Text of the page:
“It’s telling the unknown and forgotten, or intentionally forgotten, or put-aside, stories of BIPOC history,” says Elle Rhodes, Brewing Change Collaborative (BCC) cofounder and director.
BCC is a nonprofit organization focused on fostering diversity, equity, and inclusion for people of color in the brewing and beverage industry. BCC started its partnership with Broken Clock Brewing, a 100% member-owned brewing cooperative, in July of 2020.
On Saturday, July 24, Broken Clock’s taproom in northeast Minneapolis hosts The Messenger series release party. Along with the beers, the release party will feature BIPOC-owned food trucks, BIPOC vendors such as Gus Dean coffee, and live music from BIPOC DJs.
“It’s basically a big community hang with great beer and being able to support and learn about the people that are here, being able to support the vendors that are here, and being able to learn the stories behind The Messenger,” Rhodes says.
The Messenger Volume I: Imperial Porter
The beer series is named after the political and literary magazine The Messenger, founded in the early 20th century by African American labor activist A. Philip Randolph. The first beer of the series, Imperial Porter, depicts Randolph on its label artwork.
“[Volume I] is a porter, and it’s imperial, so it’s a bigger, heavier beer,” says Vicki Epper, a Broken Clock board member. The beer gets its flavor from cardamom, chicory root evokes a coffee-like flavor, and it was aged in whiskey barrels.
“We also made an intention to include elements and ingredients that are from BIPOC cultures,” Rhodes says. “So far it’s been African American cultures.”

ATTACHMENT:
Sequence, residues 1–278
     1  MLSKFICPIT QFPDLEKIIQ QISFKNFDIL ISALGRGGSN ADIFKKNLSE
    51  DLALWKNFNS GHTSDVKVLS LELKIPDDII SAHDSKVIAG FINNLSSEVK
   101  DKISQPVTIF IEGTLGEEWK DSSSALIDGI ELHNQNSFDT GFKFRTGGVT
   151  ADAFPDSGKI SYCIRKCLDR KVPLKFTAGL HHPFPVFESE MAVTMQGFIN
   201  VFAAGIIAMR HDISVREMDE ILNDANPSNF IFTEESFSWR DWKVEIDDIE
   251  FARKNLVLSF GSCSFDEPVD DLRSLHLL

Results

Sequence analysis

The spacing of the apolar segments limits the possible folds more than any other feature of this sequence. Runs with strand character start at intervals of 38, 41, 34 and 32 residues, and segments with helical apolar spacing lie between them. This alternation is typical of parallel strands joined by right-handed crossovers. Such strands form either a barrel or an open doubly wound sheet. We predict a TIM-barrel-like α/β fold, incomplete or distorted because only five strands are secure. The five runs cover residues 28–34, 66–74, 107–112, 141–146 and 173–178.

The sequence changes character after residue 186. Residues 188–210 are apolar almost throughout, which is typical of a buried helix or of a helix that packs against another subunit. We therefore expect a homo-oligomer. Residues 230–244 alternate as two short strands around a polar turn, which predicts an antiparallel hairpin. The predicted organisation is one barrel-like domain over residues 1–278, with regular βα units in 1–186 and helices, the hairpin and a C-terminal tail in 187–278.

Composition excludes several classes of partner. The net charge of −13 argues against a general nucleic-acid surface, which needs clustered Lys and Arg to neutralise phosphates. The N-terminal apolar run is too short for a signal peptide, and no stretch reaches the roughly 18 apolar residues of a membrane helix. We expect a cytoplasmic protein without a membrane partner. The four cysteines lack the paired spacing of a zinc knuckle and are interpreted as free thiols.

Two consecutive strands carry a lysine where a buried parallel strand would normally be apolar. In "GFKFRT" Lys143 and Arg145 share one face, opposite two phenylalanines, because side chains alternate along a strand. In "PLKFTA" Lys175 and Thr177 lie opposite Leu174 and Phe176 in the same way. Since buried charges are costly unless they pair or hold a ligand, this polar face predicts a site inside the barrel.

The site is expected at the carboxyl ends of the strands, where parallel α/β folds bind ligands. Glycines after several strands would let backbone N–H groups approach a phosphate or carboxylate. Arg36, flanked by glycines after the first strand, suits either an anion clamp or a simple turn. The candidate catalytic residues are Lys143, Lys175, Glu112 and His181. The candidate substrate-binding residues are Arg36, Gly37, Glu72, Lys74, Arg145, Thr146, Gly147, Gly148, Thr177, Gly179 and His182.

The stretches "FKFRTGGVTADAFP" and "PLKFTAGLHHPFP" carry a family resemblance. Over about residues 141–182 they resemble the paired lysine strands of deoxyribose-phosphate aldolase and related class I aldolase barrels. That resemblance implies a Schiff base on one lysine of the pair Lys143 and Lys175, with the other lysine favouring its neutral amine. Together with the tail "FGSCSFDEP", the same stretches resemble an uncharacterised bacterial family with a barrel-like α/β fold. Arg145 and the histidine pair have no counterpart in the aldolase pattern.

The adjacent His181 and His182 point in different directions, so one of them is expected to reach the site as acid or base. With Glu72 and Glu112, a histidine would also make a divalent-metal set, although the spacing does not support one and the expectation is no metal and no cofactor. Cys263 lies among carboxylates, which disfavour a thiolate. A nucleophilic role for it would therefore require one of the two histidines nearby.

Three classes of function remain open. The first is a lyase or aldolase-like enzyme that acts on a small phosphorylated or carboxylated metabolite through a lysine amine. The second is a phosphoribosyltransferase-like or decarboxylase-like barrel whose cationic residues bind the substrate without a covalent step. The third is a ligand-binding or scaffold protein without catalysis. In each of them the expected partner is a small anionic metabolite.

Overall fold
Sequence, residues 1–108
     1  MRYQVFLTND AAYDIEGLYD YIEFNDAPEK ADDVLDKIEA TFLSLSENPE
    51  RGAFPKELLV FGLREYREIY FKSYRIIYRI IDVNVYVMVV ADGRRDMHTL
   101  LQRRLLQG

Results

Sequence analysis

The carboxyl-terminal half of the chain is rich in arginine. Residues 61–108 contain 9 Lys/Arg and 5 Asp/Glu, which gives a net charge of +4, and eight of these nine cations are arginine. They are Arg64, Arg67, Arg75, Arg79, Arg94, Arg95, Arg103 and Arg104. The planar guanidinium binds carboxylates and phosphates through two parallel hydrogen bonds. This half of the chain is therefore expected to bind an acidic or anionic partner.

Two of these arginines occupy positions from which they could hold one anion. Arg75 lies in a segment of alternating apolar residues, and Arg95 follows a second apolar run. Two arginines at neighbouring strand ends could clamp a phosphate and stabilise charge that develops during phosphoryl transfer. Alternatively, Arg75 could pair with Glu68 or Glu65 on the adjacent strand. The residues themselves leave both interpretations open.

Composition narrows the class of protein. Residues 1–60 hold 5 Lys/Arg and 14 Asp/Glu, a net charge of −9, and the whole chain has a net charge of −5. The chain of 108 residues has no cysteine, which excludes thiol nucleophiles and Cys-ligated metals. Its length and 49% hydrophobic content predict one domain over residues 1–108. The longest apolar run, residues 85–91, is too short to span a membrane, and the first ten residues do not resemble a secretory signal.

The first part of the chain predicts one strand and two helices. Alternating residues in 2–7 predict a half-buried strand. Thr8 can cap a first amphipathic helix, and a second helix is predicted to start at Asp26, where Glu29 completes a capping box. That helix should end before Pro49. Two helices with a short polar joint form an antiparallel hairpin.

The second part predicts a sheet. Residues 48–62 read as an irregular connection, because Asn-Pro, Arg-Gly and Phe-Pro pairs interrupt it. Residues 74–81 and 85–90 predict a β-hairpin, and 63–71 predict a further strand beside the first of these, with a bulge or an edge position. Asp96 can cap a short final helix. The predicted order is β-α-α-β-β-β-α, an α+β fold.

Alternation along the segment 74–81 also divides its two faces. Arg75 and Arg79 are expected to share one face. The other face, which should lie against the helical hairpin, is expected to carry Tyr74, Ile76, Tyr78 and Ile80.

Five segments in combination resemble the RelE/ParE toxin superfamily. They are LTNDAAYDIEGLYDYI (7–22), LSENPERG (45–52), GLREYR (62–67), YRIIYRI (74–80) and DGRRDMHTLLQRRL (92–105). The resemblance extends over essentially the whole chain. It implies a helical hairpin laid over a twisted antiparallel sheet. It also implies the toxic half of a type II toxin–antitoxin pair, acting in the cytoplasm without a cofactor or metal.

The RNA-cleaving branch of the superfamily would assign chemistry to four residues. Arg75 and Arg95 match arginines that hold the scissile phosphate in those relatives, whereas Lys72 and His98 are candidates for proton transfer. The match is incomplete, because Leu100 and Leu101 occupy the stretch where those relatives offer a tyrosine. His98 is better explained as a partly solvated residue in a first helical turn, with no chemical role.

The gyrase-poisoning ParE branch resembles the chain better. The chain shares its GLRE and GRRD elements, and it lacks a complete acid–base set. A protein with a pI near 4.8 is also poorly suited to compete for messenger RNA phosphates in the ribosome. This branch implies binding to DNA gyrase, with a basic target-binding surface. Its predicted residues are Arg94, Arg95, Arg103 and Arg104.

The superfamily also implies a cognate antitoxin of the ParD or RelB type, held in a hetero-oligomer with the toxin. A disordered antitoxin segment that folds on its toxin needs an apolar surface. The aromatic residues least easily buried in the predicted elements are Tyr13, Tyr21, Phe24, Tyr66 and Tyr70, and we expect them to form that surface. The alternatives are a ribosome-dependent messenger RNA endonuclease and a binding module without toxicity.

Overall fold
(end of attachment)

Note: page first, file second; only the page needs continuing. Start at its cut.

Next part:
The Messenger Volume II: DDH Gose
The series’ second beer, DDH Gose, highlights the stories of three African American women—Ida B. Wells, Lena O. Smith, and Esther Jones—on three separate cans. At the release party for the series, there will be flyers featuring the stories of each person, written in newspaper style to emulate The Messenger magazine.
The DDH Gose is a significantly lighter beer, a double dry hop gose with blends of tamarind, pineapple, and guava. “It’s a delicious beer, especially for warm weather,” Rhodes says.
A Growing Partnership
Both Rhodes and Epper emphasize that BCC and Broken Clock’s partnership is about much more than just the beer. While BCC has been contacted by many breweries for partnerships, not many have had a plan for how they want to help the cause beyond simply brewing a beer with them. Broken Clock, however, has been “exactly the opposite” in terms of committing to the cause of promoting diversity and racial equity in the brewing industry.
“We don’t have all the answers, but we need someone on the outside to hold us accountable and say, ‘No, you think you have it right, but you don’t,’” Epper says. “And so for how I see it in this partnership is looking at, how do we not just say ‘We welcome everyone,’ but what can we actually do to be welcoming?”
Epper helped Broken Clock form a racial equity committee in August of 2020, and made a point to give a board seat to a member of BCC. Epper says that this is a now a permanent seat on Broken Clock’s board. While Broken Clock is predominately white in its current membership, Epper says that they want to try and do a better job of representing the Twin Cities community.
“They’re continuing to want to do that work, continuing to want to work with us, and not just brew a beer and move beyond that,” Rhodes says. “It’s brewing a beer with education, educating ourselves, educating the people around us and the community, and continuing to make change. And there are not even a handful of other breweries who are the same at this point.”
Rhodes emphasizes that all people of color are welcome to join BCC, not just those who work in the brewing and beverage industry. “You don’t even frankly have to drink to be a part of the group,” she says.
The release party for the series on Saturday, July 24, from 2-10 p.m. at the Broken Clock taproom in northeast Minneapolis. More information is available on BCC’s Facebook page.